If you are afraid of going to the dentist, you are not alone. Research indicates that as many as 75% of adults are to some extent, fearful of the dentist and that 5 to 10% have full-blown “dentophobia”.
How afraid are you?
Dental Anxiety is very common and most easily overcome. It occurs most often when a patient is about to have something done that he or she has never before experienced. It is usually driven by a fear of the unknown.
Dental Fear is a reaction to something the patient knows about and feels threatened by but does not necessarily interfere with the dental work actually getting done.
Dental Phobia is like Dental Fear, only much more intense and more often than not prevents necessary dental treatment from getting done. Dental Phobia can actually be measured with tools such as the Modified Dental Anxiety Scale which you can download here.
Common causes of Dental Phobia
The most common causes of Dental Phobia include:
- Bad experiences at a dentist’s office, which can include painful visits or being humiliated. Horrific dentist experiences can even trigger Post-Traumatic Stress, thereby worsening the Dental Phobia
- A history of abuse, sexual abuse or a history of being bullied
- A cold or uncaring dentist
- Observational learning (e.g. children watching fearful parents, movies about bad dental experiences, etc.)
- Inherent fears or fears than have naturally been learned over millions of years (e.g. of snakes, heights, pointy or sharp objects, etc.)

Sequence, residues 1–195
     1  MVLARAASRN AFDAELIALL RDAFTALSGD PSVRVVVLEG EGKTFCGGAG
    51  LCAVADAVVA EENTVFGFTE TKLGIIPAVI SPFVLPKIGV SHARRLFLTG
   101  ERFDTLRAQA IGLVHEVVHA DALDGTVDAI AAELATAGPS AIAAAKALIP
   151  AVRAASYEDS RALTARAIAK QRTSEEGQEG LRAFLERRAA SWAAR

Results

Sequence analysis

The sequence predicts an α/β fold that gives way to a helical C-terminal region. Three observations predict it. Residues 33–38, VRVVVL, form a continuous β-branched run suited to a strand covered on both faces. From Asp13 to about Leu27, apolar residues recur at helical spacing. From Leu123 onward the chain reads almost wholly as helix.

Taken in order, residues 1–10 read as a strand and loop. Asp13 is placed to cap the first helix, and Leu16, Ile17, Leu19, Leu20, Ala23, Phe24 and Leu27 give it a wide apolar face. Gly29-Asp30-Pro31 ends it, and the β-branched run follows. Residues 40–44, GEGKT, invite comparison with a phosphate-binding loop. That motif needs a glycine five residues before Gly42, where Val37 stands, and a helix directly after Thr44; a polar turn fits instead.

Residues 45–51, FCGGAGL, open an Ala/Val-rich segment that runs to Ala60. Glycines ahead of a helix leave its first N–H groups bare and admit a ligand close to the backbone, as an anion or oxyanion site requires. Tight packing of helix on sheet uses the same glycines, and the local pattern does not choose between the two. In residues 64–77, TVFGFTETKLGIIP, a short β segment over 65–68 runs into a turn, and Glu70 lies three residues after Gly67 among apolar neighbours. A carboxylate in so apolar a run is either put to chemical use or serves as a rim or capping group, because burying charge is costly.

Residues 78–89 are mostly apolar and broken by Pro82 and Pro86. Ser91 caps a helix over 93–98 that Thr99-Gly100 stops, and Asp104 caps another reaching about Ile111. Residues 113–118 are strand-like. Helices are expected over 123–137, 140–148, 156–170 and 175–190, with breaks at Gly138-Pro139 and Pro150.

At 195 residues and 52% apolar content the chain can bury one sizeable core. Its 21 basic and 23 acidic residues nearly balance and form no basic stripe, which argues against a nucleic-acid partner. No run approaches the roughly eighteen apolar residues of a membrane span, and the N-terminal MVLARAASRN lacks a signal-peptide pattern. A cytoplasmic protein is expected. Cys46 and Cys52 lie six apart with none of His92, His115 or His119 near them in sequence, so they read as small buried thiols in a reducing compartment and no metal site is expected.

Is there help and hope?
Absolutely. While some mild cases of Dental Anxiety and Fear can be treated more easily, a caring and compassionate dentist who is knowledgeable about Dental Phobia can make all of the difference in the world in helping a patient overcome his or her condition. Here is a quick summary of some of the approaches that I have found to be successful with my patients:
- Noise-cancellation headphones
- Visual and audio distractions like the tvs in our ceilings which can be used in conjunction with the headphones
- Good communication, so everyone knows in advance what will be done and what to expect
- Oral sedatives to calm a patient prior to being treated
- Nitrous Oxide (also known as laughing gas)
- Air Abrasion – which can in some cases be utilized instead of a drill
- Topical anaesthetics which can be used to numb an area prior to an injection
- Writing down fears and then discussing them with your dentist
- Break the cycle of fear
- As is the case with any fear or anxiety, the more a person avoids what frightens him or her, the worse that fear becomes. So, if your fear is keeping you away from the dentist, start exploring ways to empower yourself and take control of your dental health today.
As this article affords me only limited space to address this very important subject, I highly recommend you visiting this excellent website, a wonderful resource dedicated solely to dental-related phobias, fears and anxieties.
So if you are experiencing any oral pain or discomfort, or simply haven’t a check-up or cleaning in quite some time, give us a call. Even our most frightened of patients have been pleasantly surprised during and after their appointments. We keep them comfortable, happy and actually laughing!
Steven Deskin is a Dentist in general practice.